(PhysOrg.com) -- With the torrential downpours in Queensland this year roadside waterholes are abundant, and it is in one of these waterholes that professor Brian Timms has discovered a new species of shrimp. This particular species, along with the other 25 possible new species found so far, would not have emerged without the heavy rains seen this year.
Timms, a professor at the University of New South Wales, is working with the Australian Wetlands and Rivers Centre. In a scientific paper waiting to be published, he discusses this new species of shrimp, known as fairy shrimp.
Fairy shrimps are a primitive crustacean that resides in temporary water, something that is currently in great abundance in the region right now. These shrimp filter feed on the algae within the water and lay eggs which sink into the mud of these temporary waterholes.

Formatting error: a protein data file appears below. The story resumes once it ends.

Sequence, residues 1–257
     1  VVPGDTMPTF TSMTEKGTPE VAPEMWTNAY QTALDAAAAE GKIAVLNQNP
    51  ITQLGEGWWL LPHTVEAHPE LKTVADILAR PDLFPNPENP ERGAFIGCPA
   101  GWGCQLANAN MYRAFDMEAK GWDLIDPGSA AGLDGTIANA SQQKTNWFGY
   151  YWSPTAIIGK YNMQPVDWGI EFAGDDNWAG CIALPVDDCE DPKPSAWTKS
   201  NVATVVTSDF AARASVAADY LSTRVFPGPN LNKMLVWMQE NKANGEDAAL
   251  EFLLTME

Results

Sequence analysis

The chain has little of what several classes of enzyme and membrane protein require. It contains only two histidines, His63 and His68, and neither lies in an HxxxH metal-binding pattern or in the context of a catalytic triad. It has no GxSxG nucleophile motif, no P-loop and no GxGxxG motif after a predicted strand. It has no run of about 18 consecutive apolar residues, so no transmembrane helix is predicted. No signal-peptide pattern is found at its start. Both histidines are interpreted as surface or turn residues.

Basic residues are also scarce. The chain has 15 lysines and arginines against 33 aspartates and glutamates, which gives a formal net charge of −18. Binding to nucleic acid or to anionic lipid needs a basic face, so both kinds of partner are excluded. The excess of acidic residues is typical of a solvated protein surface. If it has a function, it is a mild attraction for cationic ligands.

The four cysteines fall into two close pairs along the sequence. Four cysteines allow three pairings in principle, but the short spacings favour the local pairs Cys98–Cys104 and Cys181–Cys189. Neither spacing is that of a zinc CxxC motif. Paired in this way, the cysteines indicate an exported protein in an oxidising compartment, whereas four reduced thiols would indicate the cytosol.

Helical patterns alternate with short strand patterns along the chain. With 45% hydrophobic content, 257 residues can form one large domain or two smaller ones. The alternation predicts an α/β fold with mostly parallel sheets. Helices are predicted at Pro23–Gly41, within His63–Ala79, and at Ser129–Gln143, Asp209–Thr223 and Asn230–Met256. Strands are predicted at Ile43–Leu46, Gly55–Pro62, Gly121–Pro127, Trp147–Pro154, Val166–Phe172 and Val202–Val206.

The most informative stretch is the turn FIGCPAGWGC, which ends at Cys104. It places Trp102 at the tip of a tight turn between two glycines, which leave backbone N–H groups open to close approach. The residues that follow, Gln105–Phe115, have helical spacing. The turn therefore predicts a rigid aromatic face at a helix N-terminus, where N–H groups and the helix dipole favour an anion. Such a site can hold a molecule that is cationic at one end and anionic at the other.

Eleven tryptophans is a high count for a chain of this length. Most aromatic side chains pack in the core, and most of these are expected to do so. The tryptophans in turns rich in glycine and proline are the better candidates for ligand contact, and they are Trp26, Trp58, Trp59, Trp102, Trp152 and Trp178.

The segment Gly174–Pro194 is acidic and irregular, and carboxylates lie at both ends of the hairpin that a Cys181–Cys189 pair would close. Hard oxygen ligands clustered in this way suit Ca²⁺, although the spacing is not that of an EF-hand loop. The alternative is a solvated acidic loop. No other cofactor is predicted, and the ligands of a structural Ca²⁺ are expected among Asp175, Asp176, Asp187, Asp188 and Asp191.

These eggs can then sit in the mud for years and years, essentially sleeping, only to then hatch the next time the waterhole fills up. This new species is only about two centimeters long.
Given the heavy rainfalls this year, the area is full of new waterholes and the potential to discover even more new species of fairy shrimp and clam shrimp is very high.
Explore further: New planthopper species found in southern Spain